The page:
Comparison of postural control in unilateral stance between healthy controls and lumbar discectomy patients with and without pain.Eur Spine J. 2006 Apr; 15(4):423-32.ES
Previous studies have demonstrated that sciatica patients have poorer postural control than healthy controls and that postural control remains unchanged 3 months after lumbar discectomy in sciatica patients. The aims of the current study were to investigate whether static balance control recovers in pain-free discectomy patients long-term after lumbar discectomy. Next is to determine whether static balance responses of asymptomatic and symptomatic lumbar discectomy patients differed from each other and from healthy controls. In addition, the influence of the extent of disc resection (unilateral/bilateral removal) and the side of operation on static balance control were investigated.
Fifteen pain-free lumbar discectomy patients, 23 lumbar discectomy patients with residual pain and 72 controls performed unilateral stance tasks with eyes open and eyes closed on a force plate were taken up for the investigation. Three repetitions of a 10 s unilateral stance test were performed on each leg. Postural sway was determined. Patients were divided into three age groups.
In the eyes open condition, there was no significant difference between postural sway of pain-free lumbar discectomy patients and controls (P=0.68), whereas balance of patients with pain was significantly worse than in controls (P=0.003). In the eyes closed condition, the sway in both groups of lumbar discectomy patients was significantly worse than in controls (pain-free P=0.009/painful P<0.001). No significant differences were found in postural sway between patients with unilateral and bilateral disc resection. In unilateral stance on the leg of the operated side, centre of gravity sway was not significantly different in the eyes open condition compared to the eyes closed condition, whereas in stance on the leg of the non-operated side, postural sway was significantly lower in the eyes open condition compared to the eyes closed condition. In both conditions, postural sway in the age group of 50-65 years was significantly higher than in the age groups of 30-39 years (eyes open P=0.005; eyes closed P<0.001) and 40-49 years (eyes open P=0.002; eyes closed P=0.006). There was no significant difference between the age group of 30-39 years and the age group of 40-49 years (P=0.51).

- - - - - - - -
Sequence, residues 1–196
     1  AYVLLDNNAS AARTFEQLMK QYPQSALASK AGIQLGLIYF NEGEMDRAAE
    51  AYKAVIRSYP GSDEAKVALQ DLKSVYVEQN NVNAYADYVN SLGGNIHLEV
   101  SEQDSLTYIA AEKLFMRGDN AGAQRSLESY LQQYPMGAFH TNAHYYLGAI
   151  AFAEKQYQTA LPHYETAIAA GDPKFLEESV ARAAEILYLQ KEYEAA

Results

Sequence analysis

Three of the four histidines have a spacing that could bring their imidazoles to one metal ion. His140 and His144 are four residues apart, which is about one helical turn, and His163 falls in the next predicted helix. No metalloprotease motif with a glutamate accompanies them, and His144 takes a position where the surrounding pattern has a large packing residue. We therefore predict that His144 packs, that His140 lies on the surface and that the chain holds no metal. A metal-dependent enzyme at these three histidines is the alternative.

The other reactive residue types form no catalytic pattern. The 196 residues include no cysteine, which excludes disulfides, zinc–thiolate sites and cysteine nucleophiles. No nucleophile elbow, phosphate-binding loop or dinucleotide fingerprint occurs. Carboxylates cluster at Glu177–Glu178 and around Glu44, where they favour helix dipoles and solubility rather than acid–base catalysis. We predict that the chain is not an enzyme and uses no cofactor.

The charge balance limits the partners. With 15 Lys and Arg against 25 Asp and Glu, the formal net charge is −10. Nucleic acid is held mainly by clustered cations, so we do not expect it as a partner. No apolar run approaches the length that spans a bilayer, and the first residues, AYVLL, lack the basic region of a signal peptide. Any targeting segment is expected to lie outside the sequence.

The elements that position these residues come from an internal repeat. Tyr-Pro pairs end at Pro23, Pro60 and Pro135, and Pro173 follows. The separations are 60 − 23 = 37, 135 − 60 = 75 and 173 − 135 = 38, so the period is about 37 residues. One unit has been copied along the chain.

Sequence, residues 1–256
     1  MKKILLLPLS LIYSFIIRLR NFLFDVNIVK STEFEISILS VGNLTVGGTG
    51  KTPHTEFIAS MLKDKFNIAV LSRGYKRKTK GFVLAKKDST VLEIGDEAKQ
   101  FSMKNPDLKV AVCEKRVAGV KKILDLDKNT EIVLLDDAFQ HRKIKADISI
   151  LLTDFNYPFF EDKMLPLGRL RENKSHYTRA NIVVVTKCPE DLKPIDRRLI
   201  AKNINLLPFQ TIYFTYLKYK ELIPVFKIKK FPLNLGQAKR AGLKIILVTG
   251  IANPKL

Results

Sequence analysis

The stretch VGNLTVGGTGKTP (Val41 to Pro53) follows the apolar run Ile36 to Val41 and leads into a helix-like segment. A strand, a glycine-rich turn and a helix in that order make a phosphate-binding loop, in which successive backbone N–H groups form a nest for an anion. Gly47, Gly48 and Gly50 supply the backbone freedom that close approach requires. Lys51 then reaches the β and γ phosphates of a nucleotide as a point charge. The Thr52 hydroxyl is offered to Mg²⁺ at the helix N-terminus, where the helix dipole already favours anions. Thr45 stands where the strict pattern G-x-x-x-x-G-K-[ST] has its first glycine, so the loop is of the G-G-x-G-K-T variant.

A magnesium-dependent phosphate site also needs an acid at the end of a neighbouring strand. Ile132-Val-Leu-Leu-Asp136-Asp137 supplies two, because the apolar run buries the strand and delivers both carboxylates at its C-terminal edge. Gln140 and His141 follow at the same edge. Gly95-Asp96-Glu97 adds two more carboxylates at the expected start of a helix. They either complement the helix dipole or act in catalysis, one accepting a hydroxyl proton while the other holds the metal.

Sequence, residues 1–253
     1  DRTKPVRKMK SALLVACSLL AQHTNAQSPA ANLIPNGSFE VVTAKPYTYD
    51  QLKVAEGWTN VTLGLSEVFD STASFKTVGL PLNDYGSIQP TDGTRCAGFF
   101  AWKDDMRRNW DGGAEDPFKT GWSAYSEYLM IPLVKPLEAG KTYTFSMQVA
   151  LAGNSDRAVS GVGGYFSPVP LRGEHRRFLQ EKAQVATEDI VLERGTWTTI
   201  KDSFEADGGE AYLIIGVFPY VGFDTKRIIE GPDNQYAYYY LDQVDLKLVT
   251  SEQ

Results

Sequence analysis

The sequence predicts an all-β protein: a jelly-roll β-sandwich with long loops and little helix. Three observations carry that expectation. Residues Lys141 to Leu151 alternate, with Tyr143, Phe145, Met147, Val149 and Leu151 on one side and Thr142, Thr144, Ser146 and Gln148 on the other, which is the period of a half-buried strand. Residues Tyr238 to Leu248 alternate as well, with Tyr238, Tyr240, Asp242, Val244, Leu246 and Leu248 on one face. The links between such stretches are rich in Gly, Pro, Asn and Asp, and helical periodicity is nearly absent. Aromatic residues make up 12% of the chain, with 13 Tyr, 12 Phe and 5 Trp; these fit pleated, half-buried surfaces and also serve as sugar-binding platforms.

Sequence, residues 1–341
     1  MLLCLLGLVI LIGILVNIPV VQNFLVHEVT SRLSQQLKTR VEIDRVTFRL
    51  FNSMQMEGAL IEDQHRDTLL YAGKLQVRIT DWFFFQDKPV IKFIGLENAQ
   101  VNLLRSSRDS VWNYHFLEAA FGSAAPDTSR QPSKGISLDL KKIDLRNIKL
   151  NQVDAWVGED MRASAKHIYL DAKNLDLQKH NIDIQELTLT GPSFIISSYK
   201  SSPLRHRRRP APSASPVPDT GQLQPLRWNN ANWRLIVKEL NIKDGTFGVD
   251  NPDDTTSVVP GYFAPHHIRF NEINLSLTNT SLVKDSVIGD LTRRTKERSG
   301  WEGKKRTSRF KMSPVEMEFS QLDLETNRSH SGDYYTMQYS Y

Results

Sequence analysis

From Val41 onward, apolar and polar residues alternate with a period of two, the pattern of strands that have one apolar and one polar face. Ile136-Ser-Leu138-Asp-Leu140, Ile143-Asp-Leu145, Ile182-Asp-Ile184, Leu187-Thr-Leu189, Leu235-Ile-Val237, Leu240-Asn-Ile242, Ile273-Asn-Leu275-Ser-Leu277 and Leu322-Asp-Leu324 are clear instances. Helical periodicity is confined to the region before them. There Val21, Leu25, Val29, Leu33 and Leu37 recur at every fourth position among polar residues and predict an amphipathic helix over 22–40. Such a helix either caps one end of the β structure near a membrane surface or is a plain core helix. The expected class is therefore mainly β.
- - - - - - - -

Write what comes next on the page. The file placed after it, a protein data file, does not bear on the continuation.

As for long-term following lumbar discectomy, there is no complete recovery of postural control. Patients seem to develop visual compensation mechanisms for underlying sensory-motor deficits, which are, however, sufficient in case of pain relief only. Further study is needed to determine the cause of the balance disturbances in lumbar discectomy patients.